Large Flexible Plastic Sheet Displays
Hewlett-Packard is working on large flexible plastic displays - and their goal is to manufacture them for $10 per square foot. Take a look at this 33-centimeter- wide roll of plastic covered with amorphous-silicon transistor arrays designed to control pixels in displays.
(Plastic-backed flexible display)
Carl Taussig is using high-volume roll-to-roll mechanics, the type of high-speed manufacturing process used in newspaper production, to make high-performance transistor arrays on the 33-centimeter-wide plastic rolls. HP researchers are now engineering a process for a planned pilot plant, where the company will produce the arrays at volumes of about 46,500 square meters a year through a partnership with Phicot, a manufacturer of thin-film electronics based in Ames, IA.
The idea is to combine these transistor arrays with flexible "frontplanes"--the part of a display that creates the images and that the transistors control. "Our goal is to make displays at a cost of $10 per square foot," Taussig says. That's about a 10th the price of today's displays. Silicon-on-plastic displays might be used in laptops, or a few thin sheets might be stuffed into briefcases, replacing printouts and pads of paper. Taussig also imagines "ginormous displays" pasted to walls to show videos and ads.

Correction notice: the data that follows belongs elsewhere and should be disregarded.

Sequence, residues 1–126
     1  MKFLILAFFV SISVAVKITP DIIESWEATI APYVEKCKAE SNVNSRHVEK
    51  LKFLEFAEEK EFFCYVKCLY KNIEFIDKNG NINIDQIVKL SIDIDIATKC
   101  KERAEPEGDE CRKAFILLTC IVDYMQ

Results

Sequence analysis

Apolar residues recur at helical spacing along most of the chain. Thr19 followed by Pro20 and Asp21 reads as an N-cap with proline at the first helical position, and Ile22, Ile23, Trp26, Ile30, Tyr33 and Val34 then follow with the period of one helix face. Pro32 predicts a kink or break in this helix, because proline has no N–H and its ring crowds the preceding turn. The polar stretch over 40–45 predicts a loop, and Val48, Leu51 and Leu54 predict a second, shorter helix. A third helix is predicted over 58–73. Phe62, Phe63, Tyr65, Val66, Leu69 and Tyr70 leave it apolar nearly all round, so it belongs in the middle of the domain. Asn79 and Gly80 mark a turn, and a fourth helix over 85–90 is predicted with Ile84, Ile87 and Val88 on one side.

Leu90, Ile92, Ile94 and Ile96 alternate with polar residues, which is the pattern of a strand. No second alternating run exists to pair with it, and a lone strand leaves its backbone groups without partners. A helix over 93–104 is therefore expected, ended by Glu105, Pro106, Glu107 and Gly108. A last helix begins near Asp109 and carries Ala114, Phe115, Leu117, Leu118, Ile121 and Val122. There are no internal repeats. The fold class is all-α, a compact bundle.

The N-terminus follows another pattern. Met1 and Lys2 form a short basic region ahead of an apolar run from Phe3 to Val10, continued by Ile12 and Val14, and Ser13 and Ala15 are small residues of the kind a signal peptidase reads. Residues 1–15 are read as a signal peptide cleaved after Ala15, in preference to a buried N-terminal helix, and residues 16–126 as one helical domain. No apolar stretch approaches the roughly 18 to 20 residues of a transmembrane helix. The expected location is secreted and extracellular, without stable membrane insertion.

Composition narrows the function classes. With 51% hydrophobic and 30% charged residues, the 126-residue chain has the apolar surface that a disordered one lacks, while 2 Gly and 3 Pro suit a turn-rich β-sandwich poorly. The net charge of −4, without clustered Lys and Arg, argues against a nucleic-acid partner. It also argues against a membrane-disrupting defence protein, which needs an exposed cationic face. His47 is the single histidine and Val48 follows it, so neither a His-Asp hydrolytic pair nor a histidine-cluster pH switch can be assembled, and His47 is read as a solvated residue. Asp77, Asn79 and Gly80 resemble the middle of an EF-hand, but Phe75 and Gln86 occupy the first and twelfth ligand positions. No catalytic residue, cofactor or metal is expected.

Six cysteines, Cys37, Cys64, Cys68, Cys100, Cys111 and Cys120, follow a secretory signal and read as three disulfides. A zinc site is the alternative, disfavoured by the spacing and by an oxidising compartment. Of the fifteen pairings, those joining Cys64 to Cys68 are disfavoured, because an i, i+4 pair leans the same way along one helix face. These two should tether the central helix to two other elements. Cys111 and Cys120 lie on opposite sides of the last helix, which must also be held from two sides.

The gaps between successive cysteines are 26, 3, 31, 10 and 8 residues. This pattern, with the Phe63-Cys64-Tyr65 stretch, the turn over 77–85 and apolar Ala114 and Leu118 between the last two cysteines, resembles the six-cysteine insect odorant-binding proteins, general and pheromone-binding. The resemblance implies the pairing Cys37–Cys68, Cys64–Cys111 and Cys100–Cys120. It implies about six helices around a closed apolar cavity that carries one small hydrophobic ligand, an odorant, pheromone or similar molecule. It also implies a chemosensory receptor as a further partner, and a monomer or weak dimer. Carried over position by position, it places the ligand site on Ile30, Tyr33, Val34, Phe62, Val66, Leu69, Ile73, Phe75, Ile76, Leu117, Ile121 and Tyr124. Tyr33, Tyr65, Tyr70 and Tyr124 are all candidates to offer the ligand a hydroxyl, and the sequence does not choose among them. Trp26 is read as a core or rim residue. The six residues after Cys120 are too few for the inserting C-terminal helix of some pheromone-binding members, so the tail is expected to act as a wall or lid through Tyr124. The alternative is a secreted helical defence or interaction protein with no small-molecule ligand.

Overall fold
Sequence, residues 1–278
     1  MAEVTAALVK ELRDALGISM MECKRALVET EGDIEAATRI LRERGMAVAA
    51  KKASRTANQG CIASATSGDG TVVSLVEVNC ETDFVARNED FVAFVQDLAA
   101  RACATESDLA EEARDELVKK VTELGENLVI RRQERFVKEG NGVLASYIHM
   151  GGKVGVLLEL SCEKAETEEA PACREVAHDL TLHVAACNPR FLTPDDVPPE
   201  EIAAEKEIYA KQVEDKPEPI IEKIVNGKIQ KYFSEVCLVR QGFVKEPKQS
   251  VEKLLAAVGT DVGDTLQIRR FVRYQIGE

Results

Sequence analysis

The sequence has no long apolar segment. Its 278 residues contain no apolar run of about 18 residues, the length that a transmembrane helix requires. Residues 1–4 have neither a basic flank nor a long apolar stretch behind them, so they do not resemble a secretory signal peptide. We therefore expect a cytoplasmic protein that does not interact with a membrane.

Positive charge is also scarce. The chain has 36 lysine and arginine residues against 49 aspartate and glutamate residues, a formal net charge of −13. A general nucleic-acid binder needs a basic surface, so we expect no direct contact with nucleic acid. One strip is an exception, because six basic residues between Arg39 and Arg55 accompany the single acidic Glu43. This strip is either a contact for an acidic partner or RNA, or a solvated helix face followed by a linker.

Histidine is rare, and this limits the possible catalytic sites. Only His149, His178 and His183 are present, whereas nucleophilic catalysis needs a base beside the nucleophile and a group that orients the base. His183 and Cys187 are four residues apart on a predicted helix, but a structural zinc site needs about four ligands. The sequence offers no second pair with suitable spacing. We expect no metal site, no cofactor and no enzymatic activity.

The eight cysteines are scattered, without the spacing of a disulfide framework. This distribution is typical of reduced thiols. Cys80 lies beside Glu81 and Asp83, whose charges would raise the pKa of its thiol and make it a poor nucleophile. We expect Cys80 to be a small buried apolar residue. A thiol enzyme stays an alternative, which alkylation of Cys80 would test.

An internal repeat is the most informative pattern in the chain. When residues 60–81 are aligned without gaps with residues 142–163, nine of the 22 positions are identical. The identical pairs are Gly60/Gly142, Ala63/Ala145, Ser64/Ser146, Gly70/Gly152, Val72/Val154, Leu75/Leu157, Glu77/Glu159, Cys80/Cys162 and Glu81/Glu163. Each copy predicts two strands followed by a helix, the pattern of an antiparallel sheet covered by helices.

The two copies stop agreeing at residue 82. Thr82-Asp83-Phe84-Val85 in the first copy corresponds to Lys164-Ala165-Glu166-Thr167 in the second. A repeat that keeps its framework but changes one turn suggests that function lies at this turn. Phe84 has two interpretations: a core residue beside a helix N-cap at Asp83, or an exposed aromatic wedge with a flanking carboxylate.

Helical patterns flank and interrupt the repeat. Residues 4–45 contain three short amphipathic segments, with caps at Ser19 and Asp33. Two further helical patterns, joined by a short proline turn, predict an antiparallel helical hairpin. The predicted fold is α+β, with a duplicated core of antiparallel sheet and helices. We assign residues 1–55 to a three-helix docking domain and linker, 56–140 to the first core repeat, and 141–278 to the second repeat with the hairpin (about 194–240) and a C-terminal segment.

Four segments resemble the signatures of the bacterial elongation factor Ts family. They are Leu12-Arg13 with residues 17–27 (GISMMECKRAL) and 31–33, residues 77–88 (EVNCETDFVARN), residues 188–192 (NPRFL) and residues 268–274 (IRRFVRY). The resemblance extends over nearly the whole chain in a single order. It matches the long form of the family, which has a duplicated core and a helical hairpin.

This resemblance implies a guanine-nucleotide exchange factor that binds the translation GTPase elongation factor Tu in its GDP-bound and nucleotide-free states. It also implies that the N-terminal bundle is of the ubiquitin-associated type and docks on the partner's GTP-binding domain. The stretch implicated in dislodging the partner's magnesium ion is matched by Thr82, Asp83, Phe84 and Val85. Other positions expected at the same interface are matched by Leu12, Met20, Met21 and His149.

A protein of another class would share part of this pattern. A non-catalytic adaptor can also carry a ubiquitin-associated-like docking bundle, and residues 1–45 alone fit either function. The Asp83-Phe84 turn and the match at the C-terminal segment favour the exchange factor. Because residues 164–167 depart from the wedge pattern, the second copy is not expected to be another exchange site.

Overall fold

SF writer E.C. Tubb described this kind of device in his 1958 classic The Mechanical Monarch:
Against one wall a wide sheet of clear material suddenly flared with light and swirling colour. It steadied and a woman stared from the screen. A woman with long dark hair and eyes that were like twin pools of midnight beneath her heavy brows.
(Read more about flexible wall sheet display)
Fans of Vernor Vinge are probably thinking about video wallpaper, as described in his 1999 novel A Deepness in the Sky.
Read details about these displays at Technology Review.
Scroll down for more stories in the same category. (Story submitted 6/25/2010)
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